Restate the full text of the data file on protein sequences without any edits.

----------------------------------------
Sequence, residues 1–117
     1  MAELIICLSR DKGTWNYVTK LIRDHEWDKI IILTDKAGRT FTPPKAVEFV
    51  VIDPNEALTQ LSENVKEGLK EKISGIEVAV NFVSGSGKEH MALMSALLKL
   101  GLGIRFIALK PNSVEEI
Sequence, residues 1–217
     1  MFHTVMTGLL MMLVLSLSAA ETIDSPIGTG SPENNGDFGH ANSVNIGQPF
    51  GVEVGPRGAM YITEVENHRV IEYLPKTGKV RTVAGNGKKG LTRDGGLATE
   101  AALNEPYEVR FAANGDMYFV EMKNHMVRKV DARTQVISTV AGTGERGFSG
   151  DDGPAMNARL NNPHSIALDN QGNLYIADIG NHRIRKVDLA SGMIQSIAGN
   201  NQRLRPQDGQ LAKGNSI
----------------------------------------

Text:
Sequence, residues 1–117
     1  MAELIICLSR DKGTWNYVTK LIRDHEWDKI IILTDKAGRT FTPPKAVEFV
    51  VIDPNEALTQ LSENVKEGLK EKISGIEVAV NFVSGSGKEH MALMSALLKL
   101  GLGIRFIALK PNSVEEI
Sequence, residues 1–217
     1  MFHTVMTGLL MMLVLSLSAA ETIDSPIGTG SPENNGDFGH ANSVNIGQPF
    51  GVEVGPRGAM YITEVENHRV IEYLPKTGKV RTVAGNGKKG LTRDGGLATE
   101  AALNEPYEVR FAANGDMYFV EMKNHMVRKV DARTQVISTV AGTGERGFSG
   151  DDGPAMNARL NNPHSIALDN QGNLYIADIG NHRIRKVDLA SGMIQSIAGN
   201  NQRLRPQDGQ LAKGNSI